Tamo Sadaichi left the Shrine office with a deep sigh. Talk of the caretakers that had started that evening took longer than the discussions of the Month of the Frost Kagura, complicated by the continuous deaths. Wasn't it an epidemic, a new strain or something not yet discovered, some people had said, others spitting out equally uneasy prospects. While everyone said that that was surely what it was, none the less, everybody seemed, strangely, not to believe it.
At any rate, it took until 11 PM, when at last they came to the conclusion that it was precisely because of the great solemnity in the village that they should hold the festival.
The Kagura that took place in the village was called the Month of the Frost Kagura, an Ise-style Kagura, but in practice it was more of an Izumo-style Kagura with the Ise-style's hot water added. There were three torimono performances, dances with the sacred cedar bow and staff, along with nine god play Noh performances, then at the end the purifying mineral deposits from the hot water would be sprinkled over the audience; but while this was in the olden days known as The Twelve Divine Arts to the Five Gods, since the addition of Noh's sacred Three Ritual prelude counted as a single act, it became The Thirteen Acts to the Five Gods. The village didn't call in any established Noh masters. Those of the village passed the rituals down amongst themselves. Some of the musical numbers had already died out for there was nobody left to teach them, and for some those who did know and would pass it on had suddenly moved such as Yasumori Seichirou, but even if they had to rely on rote memorization, they should try to do all thirteen again, so the talks went.
(Now then...... That will be quite the undertaking.)
Sadaichi himself didn't remember all of The Thirteen Acts to the Five Gods. Many of them, amongst them Sadaichi himself, had only seen them a few times as a child. It would be something they would have to ask the elderly to see if any of them remembered.
(Come to think of it, Baa-san said she knew Miwa and The Three Rituals, didn't she?)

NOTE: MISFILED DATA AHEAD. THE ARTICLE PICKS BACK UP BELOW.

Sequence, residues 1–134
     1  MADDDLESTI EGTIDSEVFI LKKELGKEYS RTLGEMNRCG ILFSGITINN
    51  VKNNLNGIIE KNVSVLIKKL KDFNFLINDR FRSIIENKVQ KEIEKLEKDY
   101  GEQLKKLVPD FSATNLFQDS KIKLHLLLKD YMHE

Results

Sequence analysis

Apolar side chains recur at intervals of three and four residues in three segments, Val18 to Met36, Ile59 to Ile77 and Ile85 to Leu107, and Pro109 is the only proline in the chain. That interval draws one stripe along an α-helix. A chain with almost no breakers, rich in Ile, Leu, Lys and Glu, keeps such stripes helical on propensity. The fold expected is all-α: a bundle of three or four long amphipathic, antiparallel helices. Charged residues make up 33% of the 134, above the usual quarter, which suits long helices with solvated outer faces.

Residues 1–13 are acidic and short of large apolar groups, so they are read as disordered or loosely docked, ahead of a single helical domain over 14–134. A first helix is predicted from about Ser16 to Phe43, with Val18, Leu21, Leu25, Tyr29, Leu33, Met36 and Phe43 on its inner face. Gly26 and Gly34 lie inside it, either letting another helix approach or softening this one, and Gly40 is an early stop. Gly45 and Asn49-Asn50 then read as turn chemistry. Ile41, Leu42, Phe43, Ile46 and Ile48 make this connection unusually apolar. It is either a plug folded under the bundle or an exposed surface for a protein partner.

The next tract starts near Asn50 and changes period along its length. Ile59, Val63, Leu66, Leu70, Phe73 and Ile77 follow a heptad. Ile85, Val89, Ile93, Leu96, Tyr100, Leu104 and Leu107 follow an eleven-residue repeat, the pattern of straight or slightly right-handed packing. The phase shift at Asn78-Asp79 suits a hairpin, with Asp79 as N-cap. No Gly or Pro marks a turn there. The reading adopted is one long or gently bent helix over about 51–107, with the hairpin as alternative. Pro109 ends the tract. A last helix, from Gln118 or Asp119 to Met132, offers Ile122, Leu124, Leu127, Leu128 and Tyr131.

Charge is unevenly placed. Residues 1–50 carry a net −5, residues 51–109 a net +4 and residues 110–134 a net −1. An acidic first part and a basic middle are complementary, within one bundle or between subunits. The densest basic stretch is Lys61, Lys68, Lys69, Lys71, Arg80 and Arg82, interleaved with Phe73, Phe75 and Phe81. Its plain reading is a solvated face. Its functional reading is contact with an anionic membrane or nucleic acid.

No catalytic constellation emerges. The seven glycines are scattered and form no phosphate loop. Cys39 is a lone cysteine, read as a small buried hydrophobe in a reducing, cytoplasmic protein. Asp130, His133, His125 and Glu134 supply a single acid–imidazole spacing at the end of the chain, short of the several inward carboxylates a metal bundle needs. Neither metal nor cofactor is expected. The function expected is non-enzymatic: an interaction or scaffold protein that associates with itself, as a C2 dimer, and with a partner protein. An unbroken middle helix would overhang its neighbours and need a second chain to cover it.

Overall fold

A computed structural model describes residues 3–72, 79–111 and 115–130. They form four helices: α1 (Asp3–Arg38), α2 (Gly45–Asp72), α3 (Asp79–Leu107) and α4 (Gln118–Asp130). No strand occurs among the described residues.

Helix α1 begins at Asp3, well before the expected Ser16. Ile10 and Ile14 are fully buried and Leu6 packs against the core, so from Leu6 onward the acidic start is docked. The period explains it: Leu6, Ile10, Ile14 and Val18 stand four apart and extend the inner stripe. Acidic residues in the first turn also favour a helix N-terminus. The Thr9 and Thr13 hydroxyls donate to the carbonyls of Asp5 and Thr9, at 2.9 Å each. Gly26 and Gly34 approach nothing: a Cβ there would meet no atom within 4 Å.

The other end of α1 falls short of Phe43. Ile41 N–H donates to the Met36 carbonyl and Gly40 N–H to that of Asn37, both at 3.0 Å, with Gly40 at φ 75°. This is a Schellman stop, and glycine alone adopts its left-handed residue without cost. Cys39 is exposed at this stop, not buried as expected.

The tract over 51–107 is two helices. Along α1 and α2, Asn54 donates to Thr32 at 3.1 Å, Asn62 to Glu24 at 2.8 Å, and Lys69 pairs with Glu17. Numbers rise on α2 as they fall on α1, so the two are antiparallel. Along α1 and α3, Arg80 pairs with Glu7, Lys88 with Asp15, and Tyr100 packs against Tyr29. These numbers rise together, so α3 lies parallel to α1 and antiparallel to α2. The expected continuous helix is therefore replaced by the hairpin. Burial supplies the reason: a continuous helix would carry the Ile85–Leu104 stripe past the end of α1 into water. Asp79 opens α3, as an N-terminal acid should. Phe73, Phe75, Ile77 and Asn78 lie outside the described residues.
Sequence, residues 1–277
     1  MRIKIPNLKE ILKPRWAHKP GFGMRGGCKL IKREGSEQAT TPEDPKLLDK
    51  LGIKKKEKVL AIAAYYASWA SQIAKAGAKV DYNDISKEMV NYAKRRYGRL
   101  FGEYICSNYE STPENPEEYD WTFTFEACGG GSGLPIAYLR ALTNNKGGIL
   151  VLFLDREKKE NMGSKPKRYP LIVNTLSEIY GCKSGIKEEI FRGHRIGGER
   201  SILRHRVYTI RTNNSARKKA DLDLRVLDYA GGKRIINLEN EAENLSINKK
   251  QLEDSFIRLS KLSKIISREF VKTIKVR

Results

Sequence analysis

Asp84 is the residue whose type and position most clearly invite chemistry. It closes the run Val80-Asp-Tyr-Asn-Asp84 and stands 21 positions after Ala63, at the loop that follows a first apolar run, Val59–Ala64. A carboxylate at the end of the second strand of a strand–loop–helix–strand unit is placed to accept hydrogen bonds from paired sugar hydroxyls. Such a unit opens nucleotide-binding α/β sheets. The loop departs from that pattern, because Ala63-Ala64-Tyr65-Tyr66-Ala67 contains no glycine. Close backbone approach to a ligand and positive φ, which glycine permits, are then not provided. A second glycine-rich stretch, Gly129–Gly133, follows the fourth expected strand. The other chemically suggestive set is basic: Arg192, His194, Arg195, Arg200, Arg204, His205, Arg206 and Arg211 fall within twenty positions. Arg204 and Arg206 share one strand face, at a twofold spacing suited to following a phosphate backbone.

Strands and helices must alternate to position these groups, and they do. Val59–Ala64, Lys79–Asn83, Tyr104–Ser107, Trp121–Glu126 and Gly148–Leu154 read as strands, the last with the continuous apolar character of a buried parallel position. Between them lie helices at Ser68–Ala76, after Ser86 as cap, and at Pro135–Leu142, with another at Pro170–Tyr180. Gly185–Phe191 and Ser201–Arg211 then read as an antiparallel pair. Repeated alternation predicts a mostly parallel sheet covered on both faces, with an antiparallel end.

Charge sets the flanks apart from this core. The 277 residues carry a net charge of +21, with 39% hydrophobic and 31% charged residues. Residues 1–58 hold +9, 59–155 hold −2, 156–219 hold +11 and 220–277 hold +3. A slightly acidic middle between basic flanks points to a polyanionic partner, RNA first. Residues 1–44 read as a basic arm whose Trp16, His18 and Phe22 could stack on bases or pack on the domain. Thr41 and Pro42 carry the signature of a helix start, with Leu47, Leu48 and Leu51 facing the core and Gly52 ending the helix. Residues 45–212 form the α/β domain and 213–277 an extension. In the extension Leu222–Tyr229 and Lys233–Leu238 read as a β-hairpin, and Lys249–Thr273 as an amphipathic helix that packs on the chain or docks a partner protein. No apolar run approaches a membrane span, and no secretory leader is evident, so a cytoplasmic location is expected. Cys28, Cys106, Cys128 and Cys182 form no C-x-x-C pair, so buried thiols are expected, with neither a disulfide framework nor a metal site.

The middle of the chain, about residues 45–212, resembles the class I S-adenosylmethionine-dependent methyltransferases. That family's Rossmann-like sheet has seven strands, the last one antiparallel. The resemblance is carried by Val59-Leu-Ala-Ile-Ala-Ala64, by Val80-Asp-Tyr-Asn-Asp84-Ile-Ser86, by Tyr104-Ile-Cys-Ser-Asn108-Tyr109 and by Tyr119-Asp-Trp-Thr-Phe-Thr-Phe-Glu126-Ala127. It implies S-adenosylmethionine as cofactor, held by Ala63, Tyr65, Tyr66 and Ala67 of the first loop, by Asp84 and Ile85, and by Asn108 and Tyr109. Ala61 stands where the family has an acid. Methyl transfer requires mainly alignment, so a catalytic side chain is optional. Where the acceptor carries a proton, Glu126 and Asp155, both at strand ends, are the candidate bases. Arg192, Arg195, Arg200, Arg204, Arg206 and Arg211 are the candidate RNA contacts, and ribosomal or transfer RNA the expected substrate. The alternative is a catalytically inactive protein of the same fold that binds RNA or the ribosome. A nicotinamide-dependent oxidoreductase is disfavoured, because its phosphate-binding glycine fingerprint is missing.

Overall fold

He remembered his wife talking about that. Women couldn't take part in the sacred rituals. In some cases, shrine maidens could have the honor of preserving the memory of the dances but there were none who took part in Sotoba's Month of the Frost Kagura. The only time women took part in the sacred dances were during the great rice plantings. There was an old torimono popularly called Miwa that was a dance with a female role but even that was performed by a man with a female mask. According to his wife, there seemed to be many girls who knew "Miwa" and "The Three Rituals" performed with the bell. It was possible that even while knowing they couldn't perform it, since the clothing was beautiful and it was a supple, willowy dance, they had wanted to do it anyway and so they learned it.
(Shall we depend on Baa-san? If the boy knows it, it'll go a lot faster, but.)
Or possibly, he thought as Sadaichi's feet came to a stop on the night road. What if either of his grandchildren knew it? But his younger grandson---Hiroya, was now laid up in bed. Guessing by the look on Toshio's face, it wasn't good. In truth, day by day it seemed to be getting worse, and Toshio said it'd be better to have him sent to the National Hospital. Have him hospitalized, he had said, but Hiroya himself had firmly refused.
(It's spreading through the village, that disease.)
What its true form was, even Sadaichi didn't know. Indeed Sadaichi himself had at first thought that there was no doubt that it was an epidemic but now he had the feeling that that wasn't so much the case. At least he knew it wasn't any ordinary epidemic. That was why the temple and Ozaki were conspirating, but none the less hadn't said anything to Sadaichi, he thought. He'd spoken of holding a meeting for the three pillars but even that was still in the air. To be honest, he didn't know anything clearly enough to have a discussion about it.